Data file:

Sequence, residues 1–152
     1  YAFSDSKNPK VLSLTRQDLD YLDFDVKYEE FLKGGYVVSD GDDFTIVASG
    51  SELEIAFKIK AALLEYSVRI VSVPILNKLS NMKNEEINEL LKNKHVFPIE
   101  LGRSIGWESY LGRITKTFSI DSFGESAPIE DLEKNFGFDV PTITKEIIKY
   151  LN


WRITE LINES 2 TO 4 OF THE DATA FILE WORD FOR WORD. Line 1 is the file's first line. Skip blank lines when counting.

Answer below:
     1  YAFSDSKNPK VLSLTRQDLD YLDFDVKYEE FLKGGYVVSD GDDFTIVASG
    51  SELEIAFKIK AALLEYSVRI VSVPILNKLS NMKNEEINEL LKNKHVFPIE
   101  LGRSIGWESY LGRITKTFSI DSFGESAPIE DLEKNFGFDV PTITKEIIKY